Bush - Joshua Strahan Pro Debut
#5 Chris Honeycutt
Honeycutt comes to MMA armed with great amateur wrestling credentials. He wrestled for the Edinboro University program that has produced MMA fighters Josh Koscheck, Justin Wilcox, and Shawn Bunch. During his time at Edinboro, Honeycutt qualified for the National tournament four times, was an All-American two times, and in his senior year was a national finalist at 197lbs. Chris planned on moving to MMA before he finished his college career, and even has said that it is something he planned on since high school. Immediately after graduating from college, Honeycutt headed out to Fresno, CA to begin his training at Josh Koscheck's training facility out there.
Honeycutt is working to round out his game, but his striking is very much a work in progress at this point. When he encounters resistance, Chris is quick to switch back to his wrestling roots, and can use those skills to put just about anyone in the division on their back. His most recent fight was a five rounder, but under the Up and Comer's promotion, the rounds were only 3 minutes each. This leaves some questions about how he will handle the longer 5 minute rounds against better competition.
Training with Josh Koscheck at Dethrone Base Camp is a good move, as Koscheck was able to very successfully transition his wrestling skills into MMA. He will also be training with UFC, and Strikeforce veterans like John Salter, Billy Evangalista, and Lavar Johnson. These are solid training partners who will help a young fighter with an elite wrestling base continue to develop his all around game. In at least one interview, Honeycutt said that he might drop to Welterweight, but after wrestling his last year of college at 197lbs and competing in MMA to this point at 185lbs, I'm not sure that is still his plan. I think Honeycutt could be a top 10 fighter down the road.
Strickland got his start in MMA as teenager who just enjoyed fighting. He had spent time playing football, but when he moved to a school district that did not have a football program, he started to pick up fighting.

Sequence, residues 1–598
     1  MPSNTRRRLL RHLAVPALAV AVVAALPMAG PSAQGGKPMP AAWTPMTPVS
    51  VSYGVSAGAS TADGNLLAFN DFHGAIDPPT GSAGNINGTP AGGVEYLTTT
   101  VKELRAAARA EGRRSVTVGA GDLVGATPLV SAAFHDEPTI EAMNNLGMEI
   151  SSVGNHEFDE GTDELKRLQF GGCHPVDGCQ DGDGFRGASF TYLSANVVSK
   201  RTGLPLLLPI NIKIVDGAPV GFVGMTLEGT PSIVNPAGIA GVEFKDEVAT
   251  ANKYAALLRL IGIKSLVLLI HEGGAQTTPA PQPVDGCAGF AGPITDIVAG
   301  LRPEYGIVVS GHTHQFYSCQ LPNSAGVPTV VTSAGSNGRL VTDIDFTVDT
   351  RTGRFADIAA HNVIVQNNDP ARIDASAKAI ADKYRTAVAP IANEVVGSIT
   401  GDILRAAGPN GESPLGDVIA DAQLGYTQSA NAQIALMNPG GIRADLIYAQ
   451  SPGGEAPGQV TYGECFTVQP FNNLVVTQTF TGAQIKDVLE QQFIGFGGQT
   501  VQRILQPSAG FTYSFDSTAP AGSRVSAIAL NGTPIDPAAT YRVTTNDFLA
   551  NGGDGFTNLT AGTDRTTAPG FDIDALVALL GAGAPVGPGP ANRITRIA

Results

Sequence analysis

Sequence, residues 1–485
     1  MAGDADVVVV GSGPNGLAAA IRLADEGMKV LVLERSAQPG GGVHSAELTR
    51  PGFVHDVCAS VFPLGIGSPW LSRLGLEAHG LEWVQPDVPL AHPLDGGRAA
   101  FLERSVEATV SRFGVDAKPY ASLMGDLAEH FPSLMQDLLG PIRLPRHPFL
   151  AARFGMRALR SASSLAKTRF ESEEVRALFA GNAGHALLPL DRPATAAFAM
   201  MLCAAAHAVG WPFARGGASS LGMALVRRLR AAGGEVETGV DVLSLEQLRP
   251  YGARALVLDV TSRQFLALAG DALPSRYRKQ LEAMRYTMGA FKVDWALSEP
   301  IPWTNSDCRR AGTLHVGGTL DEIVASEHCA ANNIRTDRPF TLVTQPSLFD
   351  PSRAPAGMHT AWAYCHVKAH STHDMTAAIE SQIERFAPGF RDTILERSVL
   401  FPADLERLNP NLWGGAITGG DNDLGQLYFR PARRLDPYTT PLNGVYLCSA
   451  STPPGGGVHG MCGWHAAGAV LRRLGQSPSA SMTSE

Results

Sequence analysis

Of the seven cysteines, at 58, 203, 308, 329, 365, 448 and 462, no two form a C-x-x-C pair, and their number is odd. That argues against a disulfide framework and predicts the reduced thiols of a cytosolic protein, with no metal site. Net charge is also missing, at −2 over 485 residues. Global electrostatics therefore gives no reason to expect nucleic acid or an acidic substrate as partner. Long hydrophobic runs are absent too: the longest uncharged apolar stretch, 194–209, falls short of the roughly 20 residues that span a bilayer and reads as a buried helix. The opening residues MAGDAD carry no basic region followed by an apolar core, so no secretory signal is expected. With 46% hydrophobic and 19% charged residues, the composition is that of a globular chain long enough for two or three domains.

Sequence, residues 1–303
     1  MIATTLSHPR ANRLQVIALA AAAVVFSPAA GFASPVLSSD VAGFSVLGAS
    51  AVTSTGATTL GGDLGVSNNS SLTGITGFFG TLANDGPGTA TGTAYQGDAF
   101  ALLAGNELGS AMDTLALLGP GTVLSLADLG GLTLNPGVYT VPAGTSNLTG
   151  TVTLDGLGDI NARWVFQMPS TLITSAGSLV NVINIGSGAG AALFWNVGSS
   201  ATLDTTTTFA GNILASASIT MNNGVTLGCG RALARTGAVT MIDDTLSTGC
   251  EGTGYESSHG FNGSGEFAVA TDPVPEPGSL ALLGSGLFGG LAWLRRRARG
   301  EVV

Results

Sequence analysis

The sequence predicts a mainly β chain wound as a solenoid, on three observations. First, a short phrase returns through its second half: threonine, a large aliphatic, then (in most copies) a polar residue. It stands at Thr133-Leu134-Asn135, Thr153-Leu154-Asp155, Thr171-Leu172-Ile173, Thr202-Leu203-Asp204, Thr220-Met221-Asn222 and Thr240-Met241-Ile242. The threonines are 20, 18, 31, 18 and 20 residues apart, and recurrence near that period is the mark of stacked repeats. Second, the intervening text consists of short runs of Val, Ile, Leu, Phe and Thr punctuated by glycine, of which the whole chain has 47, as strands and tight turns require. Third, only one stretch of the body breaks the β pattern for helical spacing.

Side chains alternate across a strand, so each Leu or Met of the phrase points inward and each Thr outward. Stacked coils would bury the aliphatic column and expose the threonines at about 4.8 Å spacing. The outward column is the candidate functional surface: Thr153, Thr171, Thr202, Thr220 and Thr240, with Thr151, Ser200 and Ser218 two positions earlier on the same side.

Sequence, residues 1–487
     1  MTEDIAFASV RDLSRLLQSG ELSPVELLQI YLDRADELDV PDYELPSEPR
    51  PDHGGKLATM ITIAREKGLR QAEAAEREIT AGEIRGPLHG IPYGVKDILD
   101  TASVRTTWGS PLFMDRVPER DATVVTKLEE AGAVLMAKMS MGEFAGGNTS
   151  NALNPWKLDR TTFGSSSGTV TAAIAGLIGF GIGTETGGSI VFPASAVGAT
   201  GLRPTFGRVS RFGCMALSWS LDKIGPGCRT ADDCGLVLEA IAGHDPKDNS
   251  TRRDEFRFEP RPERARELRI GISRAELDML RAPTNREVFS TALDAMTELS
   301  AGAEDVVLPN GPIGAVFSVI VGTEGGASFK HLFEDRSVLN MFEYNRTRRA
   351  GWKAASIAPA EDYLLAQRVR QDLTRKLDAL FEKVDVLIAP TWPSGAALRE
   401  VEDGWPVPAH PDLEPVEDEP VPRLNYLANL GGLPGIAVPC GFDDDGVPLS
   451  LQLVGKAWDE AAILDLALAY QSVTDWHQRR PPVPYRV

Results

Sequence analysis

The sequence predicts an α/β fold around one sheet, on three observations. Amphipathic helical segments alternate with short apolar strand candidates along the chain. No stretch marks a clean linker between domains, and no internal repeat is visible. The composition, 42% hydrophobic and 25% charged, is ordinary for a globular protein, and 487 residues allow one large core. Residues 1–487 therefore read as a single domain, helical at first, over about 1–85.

At only 21, Sean is a blend of athletic ability, youth, and in-cage experience that could blend perfectly as he enters his prime. He has improved his striking, and good power that has lead to five TKOs in his last seven fights. Strickland is not lost on the ground as he owns a Purple Belt in BJJ, and can use it to control the fight when it hits the mat.
Strickland trains at Cquence Jiu-Jitsu, and is the biggest fighter of note to come out of that camp. I've read that he makes frequent visits to other gyms around Southern California, so hopefully he is spending time working with gyms that have a history of getting guys ready for the highest level of the sport. It is tough to see him getting the type of training if he stays in his current camp and doesn't explore.
#3 Max Nunes
Nunes did not have an extensive Martial Arts base growing up, but has been impressive since turning pro in 2010. He is a well-rounded fighter, who likes to strike into the clinch, and then use trips to gain top position. Once on top, he uses his long arms to land some impressive ground and pound and finish the fights. He has good power, as he rocks opponents with strikes both standing and on the ground. Max showed good cardio, looking fresh in the 3rd round against fellow prospect Marcin Lazarz even though it was the first time he had been past the 2nd round.